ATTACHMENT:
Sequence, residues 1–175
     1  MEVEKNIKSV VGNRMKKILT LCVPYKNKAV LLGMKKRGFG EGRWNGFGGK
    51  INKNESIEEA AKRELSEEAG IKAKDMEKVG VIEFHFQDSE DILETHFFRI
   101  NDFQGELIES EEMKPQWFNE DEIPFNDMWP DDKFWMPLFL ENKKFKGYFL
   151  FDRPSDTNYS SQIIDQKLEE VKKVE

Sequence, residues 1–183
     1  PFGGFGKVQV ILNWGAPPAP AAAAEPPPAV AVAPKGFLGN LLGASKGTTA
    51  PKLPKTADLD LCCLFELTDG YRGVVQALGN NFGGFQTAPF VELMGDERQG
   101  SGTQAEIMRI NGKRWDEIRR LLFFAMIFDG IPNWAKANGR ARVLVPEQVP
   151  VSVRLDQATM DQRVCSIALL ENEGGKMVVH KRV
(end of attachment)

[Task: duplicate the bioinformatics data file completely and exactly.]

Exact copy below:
Sequence, residues 1–175
     1  MEVEKNIKSV VGNRMKKILT LCVPYKNKAV LLGMKKRGFG EGRWNGFGGK
    51  INKNESIEEA AKRELSEEAG IKAKDMEKVG VIEFHFQDSE DILETHFFRI
   101  NDFQGELIES EEMKPQWFNE DEIPFNDMWP DDKFWMPLFL ENKKFKGYFL
   151  FDRPSDTNYS SQIIDQKLEE VKKVE

Sequence, residues 1–183
     1  PFGGFGKVQV ILNWGAPPAP AAAAEPPPAV AVAPKGFLGN LLGASKGTTA
    51  PKLPKTADLD LCCLFELTDG YRGVVQALGN NFGGFQTAPF VELMGDERQG
   101  SGTQAEIMRI NGKRWDEIRR LLFFAMIFDG IPNWAKANGR ARVLVPEQVP
   151  VSVRLDQATM DQRVCSIALL ENEGGKMVVH KRV